Formatted Grouping in PowerShell

Posted on December 22, 2014 by Jeff Hicks in PowerShell with 0 Comments

In a previous article I guided you through using Group-Object to slice and dice data gathered from PowerShell. You can easily export or convert that output like you would any other PowerShell data. You can either process the grouped information as it is or process each group of related items. The choice is yours. But I thought I’d lend a hand and show you a few ways to take advantage of your grouped output in terms of reporting. I’ll start with HTML.

Using HTML with PowerShell Reporting

Normally when you convert something to HTML, you get a table view of the PowerShell objects. But when working with grouped data, I’m betting you want to break each group down. For example, I’m going to get the 100 most recent entries in my System eventlog and group them on the Source property.

I want to create an HTML report with a table for each group. I can accomplish this with a series of HTML fragments. I’ll initialize an array that will hold them all.

Next, I can process each item in $logs.

I added a heading for each group that includes the name and the total number of entries for each. You can use as much HTML as you want. Then I am getting each entry from the group and only selecting the properties I’m interested in. The important thing is to use the –Fragment parameter because I don’t want a complete document.

It isn’t required, but to make the report pretty and portable, I am going to insert my style sheet into the header.

All that remains now is to create the final HTML document.

Note that if you want to include a title and you are inserting a header, put the Title in the header. Otherwise the –Title parameter will be ignored. My end result is an HTML report like this:

Example of HTML report. (Image Credit: Jeff Hicks)

Example of HTML report. (Image Credit: Jeff Hicks)

If you prefer, you can also create fragments as a list. Use the –AS parameter with a value of List.

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Using the Format-List Cmdlet

Speaking of lists, perhaps that is all you need. You can use PowerShell’s formatting cmdlets to also prepare nicely formatted reports that you can send to a file or printer. I’m going to get all the processes on my computer that have a company property value and group them.

You might think all you have to do is this after looking at help for Format-List.

But that won’t give you the result you were probably expecting.

Formatting a group object is tricky and requires a little more tinkering to format correctly. (Image Credit: Jeff Hicks)

Formatting a group object is tricky and requires a little more tinkering to format correctly. (Image Credit: Jeff Hicks)

The problem is that I am trying to format a group object, which is a bit more complicated. I’ve actually made things more difficult by grouping. Instead I can let Format-List handle the grouping.

This looks better.

Using Format-List to handle grouping. (Image Credit: Jeff Hicks)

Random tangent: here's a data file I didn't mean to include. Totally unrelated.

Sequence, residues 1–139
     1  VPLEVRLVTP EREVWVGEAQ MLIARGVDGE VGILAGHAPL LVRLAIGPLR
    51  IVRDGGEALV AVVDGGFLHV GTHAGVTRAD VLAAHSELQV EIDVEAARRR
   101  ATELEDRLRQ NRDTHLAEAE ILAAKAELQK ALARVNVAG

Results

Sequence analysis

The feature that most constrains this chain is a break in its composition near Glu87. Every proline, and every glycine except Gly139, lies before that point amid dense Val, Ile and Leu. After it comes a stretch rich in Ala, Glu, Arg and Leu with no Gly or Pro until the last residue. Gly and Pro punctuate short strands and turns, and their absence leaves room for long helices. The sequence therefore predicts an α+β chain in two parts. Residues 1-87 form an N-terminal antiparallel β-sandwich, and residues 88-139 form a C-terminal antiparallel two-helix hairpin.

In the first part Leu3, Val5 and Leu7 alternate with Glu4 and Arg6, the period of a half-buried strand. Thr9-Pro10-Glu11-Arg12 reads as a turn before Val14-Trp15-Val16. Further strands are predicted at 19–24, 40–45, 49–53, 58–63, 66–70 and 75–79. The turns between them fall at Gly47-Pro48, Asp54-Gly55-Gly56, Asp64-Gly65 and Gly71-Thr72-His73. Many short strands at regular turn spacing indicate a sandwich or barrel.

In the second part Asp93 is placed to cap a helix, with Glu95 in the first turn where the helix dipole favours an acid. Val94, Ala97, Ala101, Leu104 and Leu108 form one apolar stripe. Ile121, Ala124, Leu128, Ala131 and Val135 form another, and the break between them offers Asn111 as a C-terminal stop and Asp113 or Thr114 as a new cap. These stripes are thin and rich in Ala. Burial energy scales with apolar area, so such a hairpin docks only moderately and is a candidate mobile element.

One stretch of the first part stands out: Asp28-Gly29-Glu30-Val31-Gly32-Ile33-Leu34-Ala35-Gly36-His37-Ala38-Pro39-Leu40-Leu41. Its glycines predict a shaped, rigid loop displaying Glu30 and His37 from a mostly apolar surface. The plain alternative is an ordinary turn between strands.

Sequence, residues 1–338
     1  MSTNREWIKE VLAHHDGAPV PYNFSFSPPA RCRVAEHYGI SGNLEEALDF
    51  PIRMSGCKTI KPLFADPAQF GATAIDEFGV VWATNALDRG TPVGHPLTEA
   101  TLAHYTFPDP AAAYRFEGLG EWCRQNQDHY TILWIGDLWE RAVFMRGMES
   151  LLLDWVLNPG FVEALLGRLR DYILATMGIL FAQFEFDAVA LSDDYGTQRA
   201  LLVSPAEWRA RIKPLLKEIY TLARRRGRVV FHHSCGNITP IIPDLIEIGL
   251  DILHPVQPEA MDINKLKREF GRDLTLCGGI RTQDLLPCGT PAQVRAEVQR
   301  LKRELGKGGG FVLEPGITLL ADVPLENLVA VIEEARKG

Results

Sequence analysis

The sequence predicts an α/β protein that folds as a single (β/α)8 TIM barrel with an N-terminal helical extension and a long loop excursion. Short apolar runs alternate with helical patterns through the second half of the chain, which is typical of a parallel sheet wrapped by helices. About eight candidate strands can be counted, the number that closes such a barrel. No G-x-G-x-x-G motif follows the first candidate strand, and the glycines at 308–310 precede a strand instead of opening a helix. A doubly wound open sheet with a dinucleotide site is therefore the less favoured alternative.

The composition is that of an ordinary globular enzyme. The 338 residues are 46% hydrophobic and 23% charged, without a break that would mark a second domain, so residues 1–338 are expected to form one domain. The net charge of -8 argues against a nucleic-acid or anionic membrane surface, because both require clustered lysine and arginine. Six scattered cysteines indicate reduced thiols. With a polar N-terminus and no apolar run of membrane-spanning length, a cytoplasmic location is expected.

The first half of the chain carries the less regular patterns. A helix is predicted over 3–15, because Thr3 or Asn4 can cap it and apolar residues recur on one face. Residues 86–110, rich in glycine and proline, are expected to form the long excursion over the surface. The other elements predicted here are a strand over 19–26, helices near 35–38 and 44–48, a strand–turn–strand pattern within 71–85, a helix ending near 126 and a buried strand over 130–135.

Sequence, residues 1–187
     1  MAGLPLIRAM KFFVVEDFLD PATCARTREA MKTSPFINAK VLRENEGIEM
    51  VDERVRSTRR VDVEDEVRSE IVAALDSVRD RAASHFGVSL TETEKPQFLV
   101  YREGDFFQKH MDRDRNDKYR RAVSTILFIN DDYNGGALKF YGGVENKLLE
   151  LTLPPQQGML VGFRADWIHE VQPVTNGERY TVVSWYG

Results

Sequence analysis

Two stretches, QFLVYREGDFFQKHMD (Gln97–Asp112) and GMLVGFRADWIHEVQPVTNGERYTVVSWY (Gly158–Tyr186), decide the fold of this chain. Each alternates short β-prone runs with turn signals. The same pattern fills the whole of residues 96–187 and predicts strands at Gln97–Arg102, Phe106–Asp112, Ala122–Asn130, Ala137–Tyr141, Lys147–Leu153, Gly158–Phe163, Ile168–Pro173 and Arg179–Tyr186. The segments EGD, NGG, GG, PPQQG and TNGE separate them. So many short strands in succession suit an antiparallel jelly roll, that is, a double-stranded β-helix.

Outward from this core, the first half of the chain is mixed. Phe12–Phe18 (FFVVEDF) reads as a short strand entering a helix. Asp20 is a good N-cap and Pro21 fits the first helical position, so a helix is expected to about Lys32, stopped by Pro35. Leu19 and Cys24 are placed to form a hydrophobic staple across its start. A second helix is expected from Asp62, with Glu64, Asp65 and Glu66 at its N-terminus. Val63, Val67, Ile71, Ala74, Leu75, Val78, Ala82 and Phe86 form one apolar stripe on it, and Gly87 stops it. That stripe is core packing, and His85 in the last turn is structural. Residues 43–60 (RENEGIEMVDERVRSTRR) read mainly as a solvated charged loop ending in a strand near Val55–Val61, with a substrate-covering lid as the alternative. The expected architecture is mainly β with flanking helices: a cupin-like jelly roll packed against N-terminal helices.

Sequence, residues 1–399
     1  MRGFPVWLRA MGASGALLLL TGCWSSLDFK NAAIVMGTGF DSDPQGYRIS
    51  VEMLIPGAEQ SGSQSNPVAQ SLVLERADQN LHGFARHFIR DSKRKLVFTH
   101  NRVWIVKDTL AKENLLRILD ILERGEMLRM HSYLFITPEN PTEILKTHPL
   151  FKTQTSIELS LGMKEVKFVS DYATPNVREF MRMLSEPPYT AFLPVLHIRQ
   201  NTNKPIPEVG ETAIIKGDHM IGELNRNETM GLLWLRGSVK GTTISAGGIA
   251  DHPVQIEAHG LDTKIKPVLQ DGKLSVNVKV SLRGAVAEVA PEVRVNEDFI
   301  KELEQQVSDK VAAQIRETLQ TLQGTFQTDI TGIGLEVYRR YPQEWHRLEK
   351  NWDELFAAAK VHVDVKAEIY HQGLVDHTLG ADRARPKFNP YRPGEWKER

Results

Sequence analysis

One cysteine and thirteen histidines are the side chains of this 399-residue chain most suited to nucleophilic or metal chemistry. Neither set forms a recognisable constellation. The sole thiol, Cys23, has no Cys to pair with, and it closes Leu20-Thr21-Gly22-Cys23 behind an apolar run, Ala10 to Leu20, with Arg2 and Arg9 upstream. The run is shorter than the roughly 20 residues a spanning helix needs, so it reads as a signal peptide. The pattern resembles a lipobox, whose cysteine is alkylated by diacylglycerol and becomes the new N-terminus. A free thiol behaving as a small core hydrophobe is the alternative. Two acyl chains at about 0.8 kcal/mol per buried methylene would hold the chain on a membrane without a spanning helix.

Using Format-List to handle grouping. (Image Credit: Jeff Hicks)

If you try this and keep scrolling, then you’ll see company names repeated. This is because Format-List is processing items as they are gathered. The recommendation is to sort first.

Because I’m using Format-List and there is a default list view for process objects, I’m getting those properties, but I can select anything that I want.

Selecting properties and formatting with Format-List. (Image Credit: Jeff Hicks)

Selecting properties and formatting with Format-List. (Image Credit: Jeff Hicks)

This would be easy enough to save to file.

This works great when you are interested in a few properties and formats quite easily.

Format-Table

You can achieve similar results with Format-Table, which also has a –GroupBy parameter. Again, you should sort objects on the property you plan on grouping.

Here is some of the output:

Using Format-Table to group objects. (Image Credit: Jeff Hicks)

Using Format-Table to group objects. (Image Credit: Jeff Hicks)

Both formatting cmdlets let you use a custom groupby property as well, similar to what I showed you with Group-Object. The tricky part to remember is that you will also need to sort on the same custom property.

I created a scriptblock to that assigns a value depending on the size of the Workingset property. I can use the same scriptblock for both the sort and grouping.

Using the script block to sort and group. (Image Credit: Jeff Hicks)

Using the script block to sort and group. (Image Credit: Jeff Hicks)

I encourage you to look at help and examples for Sort-Object and Format-Table to learn more about these customizations.

I should point that that there appears to be a formatting issue with some file types. If I try this command:

Output will be properly grouped although you don’t see the group heading.

Formatting issue with different file types. (Image Credit: Jeff Hicks)

Formatting issue with different file types. (Image Credit: Jeff Hicks)

However, if I specify properties, then it does work.

Specifying properties fixes the formatting issue with different file types. (Image Credit: Jeff Hicks)

Specifying properties fixes the formatting issue with different file types. (Image Credit: Jeff Hicks)

Not sure why this is the case but something to be aware of.

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I think there is lot of value in seeing grouped output. And with PowerShell, you aren’t limited by an object’s property. It might take a little PowerShell kung fu but with practice you can get the output you need.

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